Actress Jane Fonda came to the Harvard Graduate School of Education (GSE) Friday, March 2, to announce her donation of $12.5 million to launch the Harvard Center on Gender and Education. It is the largest gift from a single individual the GSE has ever received.
Fonda appeared at a press conference at Longfellow Hall along with Jerome T. Murphy, Dean of the GSE, and Carol Gilligan, the Patricia Albjerg Graham Professor of Gender Studies. Gilligan’s groundbreaking research on gender and human development, spanning the course of 20 years, was the inspiration for Fonda’s gift.
“This project is very close to my heart,” Fonda said. “It’s taken me a very long time to see the impact gender roles have had on my life, and if I, as a privileged, white, aging movie star, have had to wait this long, I can’t even imagine what young women who are less fortunate than I am have had to deal with.”
Fonda said that the new center will build on three decades of pioneering work by Gilligan on the way gender affects the development of girls and women. Gilligan’s research has had an international impact on women’s lives, she remarked.
“Many women around the world have been influenced by her work. I have seen her books on their shelves in places like South Africa, Nigeria, and China,” Fonda said.
Fonda’s gift includes $2.5 million for the creation of an endowed faculty chair to be named for Gilligan on her departure from the Harvard faculty, which will be in June 2002. Gilligan, author of the pioneering study “In a Different Voice: Psychological Theory and Women’s Development” (1982), will play an important role in launching the new center and will serve beyond 2002 as honorary chair of an advisory committee to the center. Gilligan’s newest book, “The Birth of Pleasure,” will be published in 2002.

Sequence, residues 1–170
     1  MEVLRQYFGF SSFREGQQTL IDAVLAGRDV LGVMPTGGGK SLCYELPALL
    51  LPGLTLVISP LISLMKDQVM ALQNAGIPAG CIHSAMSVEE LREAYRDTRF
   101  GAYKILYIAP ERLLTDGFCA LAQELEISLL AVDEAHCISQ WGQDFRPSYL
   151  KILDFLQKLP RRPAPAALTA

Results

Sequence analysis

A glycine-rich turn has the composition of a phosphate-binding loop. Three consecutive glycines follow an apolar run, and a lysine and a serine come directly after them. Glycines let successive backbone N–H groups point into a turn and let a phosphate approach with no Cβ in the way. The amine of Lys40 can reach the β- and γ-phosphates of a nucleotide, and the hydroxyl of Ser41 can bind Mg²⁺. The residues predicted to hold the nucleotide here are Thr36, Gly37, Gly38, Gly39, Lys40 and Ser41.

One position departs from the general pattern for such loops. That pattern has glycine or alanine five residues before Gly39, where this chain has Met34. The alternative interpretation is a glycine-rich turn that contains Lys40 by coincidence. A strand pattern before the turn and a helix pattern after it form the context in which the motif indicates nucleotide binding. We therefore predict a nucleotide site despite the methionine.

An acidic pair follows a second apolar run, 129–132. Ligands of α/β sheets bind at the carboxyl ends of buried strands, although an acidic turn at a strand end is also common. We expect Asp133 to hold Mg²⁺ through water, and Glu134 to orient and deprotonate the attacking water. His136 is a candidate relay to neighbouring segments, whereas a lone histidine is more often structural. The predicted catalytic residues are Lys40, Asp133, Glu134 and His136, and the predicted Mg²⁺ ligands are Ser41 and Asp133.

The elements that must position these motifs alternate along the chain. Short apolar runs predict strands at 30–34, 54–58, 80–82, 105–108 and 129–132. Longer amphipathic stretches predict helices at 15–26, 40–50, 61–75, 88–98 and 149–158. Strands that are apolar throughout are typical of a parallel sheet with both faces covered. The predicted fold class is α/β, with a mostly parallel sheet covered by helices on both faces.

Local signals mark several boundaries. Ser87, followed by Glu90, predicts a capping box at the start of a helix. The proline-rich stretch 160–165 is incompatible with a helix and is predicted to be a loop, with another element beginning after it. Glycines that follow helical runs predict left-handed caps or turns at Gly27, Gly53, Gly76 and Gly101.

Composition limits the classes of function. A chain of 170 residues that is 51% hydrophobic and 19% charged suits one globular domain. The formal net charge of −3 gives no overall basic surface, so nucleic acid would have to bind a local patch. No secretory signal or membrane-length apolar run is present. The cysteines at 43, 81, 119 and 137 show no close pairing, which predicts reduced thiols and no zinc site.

“I’m grateful to be able to do this for my sister, my friend, Carol Gilligan,” Fonda said.
Fonda’s interest grew from her involvement in initiatives that emphasize the advancement of girls and women in the United States and developing countries. Her involvement with children has also included running the Laurel Springs Children’s Camp on her ranch in Santa Barbara, Calif., a summer program which used performing arts to build self-esteem and cooperation among children of all races and socio-economic backgrounds. More recently, she helped to establish the Performing Arts Program for Youth in Atlanta.
“I recognize the need to bring some of these lessons home,” Fonda said. “We still have a culture that teaches girls and boys a distorted view of what it takes to be women and men.”
Fonda said she chose Harvard as the recipient of her gift because “when Harvard makes an opening, it becomes a path. What Harvard does reverberates around the world.”
Gilligan praised Fonda for “her courage and conviction and passion,” and said that for the center to be brought into existence in such a short time was “like a dream. This is so wonderful, it’s such an opening, it’s so hopeful.”
Murphy, in his opening remarks, said, “We are enormously grateful to Jane Fonda for this gift, and enormously proud of Carol Gilligan, whose pioneering work inspired this gift.”
He added that when Harvard’s chair in gender studies, which Gilligan now occupies, was established three and a half years ago, the creation of a center for gender studies seemed like an impossible dream.
“Thank you, Jane, for making the impossible possible.”
The Harvard Center on Gender and Education will be an interdisciplinary research center dedicated to examining education around the world through the lens of gender. Housed at the Harvard Graduate School of Education, the center will draw on the intellectual resources of Harvard University and work closely with faculty who focus on gender from a broad variety of academic perspectives.
Researchers affiliated with the center will seek to understand gender issues affecting the development and education of girls and boys, both domestically and globally. In addition to sponsoring research projects, the center will assist teachers and other educators as they address gender issues in their schools and communities.
The Harvard Center on Gender and Education will build on the work of existing programs at the GSE such as the Gender Studies concentration, initiated by Gilligan, and the Risk and Prevention Program, founded by Professor of Education Robert Selman. The center will also build on the School’s tradition of research that explores gender in the context of cultural and social factors such as race, ethnicity, and poverty.